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Community land trusts marking a new trend for taking the initiative away from developers
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The head of WWF UK remains sanguine despite the Government’s failure to live up to its pledges on the environment
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Author Kazuo Ishiguro on being inspired by shoot-outs and samurai

Set in a mythologised 5th-century Britain, ‘The Buried Giant’ is a strange beast
With money, corruption and drugs, this monk fears Buddhism in Thailand is a ‘poisoned fruit’

Money, corruption and drugs

The monk who fears Buddhism in Thailand is a ‘poisoned fruit’
America's first slavery museum established at Django Unchained plantation - 150 years after slavery outlawed

150 years after it was outlawed...

... America's first slavery museum is established in Louisiana
Kelly Clarkson: How I snubbed Simon Cowell and become a Grammy-winning superstar

Kelly Clarkson: How I snubbed Simon Cowell and become a Grammy-winning superstar

The first 'American Idol' winner on how she manages to remain her own woman – Jane Austen fascination and all
Tony Oursler on exploring our uneasy relationship with technology with his new show

You won't believe your eyes

Tony Oursler's new show explores our uneasy relationship with technology. He's one of a growing number of artists with that preoccupation
Ian Herbert: Peter Moores must go. He should never have been brought back to fail again

Moores must go. He should never have been brought back to fail again

The England coach leaves players to find solutions - which makes you wonder where he adds value, says Ian Herbert
War with Isis: Fears that the looming battle for Mosul will unleash 'a million refugees'

The battle for Mosul will unleash 'a million refugees'

Aid agencies prepare for vast exodus following planned Iraqi offensive against the Isis-held city, reports Patrick Cockburn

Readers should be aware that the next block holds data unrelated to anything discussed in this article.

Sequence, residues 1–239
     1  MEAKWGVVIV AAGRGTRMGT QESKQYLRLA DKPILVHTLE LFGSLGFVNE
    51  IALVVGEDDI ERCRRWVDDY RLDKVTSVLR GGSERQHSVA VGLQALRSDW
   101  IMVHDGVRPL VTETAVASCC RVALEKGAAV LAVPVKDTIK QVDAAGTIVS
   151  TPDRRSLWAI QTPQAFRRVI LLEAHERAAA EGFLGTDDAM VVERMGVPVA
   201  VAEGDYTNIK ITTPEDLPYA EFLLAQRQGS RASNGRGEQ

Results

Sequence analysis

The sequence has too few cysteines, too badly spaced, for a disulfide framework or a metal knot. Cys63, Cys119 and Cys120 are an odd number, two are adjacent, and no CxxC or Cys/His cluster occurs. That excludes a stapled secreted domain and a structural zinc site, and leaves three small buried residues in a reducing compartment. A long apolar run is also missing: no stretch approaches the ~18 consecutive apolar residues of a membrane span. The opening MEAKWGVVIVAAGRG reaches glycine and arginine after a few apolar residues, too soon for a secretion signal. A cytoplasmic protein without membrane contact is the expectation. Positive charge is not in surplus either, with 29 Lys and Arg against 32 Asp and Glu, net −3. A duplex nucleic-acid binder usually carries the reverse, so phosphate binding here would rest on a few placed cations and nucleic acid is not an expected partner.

Yvette Cooper: We can't lose the election. There's too much on the line

Yvette Cooper: We can't lose the election. There's too much on the line

The shadow Home Secretary on fighting radical Islam, protecting children, and why anyone in Labour who's thinking beyond May must 'sort themselves out'
A bad week for the Greens: Leader Natalie Bennett's 'car crash' radio interview is followed by Brighton council's failure to set a budget due to infighting

It's not easy being Green

After a bad week in which its leader had a public meltdown and its only city council couldn't agree on a budget vote, what next for the alternative party? It's over to Caroline Lucas to find out
Gorillas nearly missed: BBC producers didn't want to broadcast Sir David Attenborough's famed Rwandan encounter

Gorillas nearly missed

BBC producers didn't want to broadcast Sir David Attenborough's famed Rwandan encounter
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The Downton Abbey effect

Impoverished Italian nobles are opening their doors to paying guests, inspired by the TV drama
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China's wild panda numbers on the up

New census reveals 17% since 2003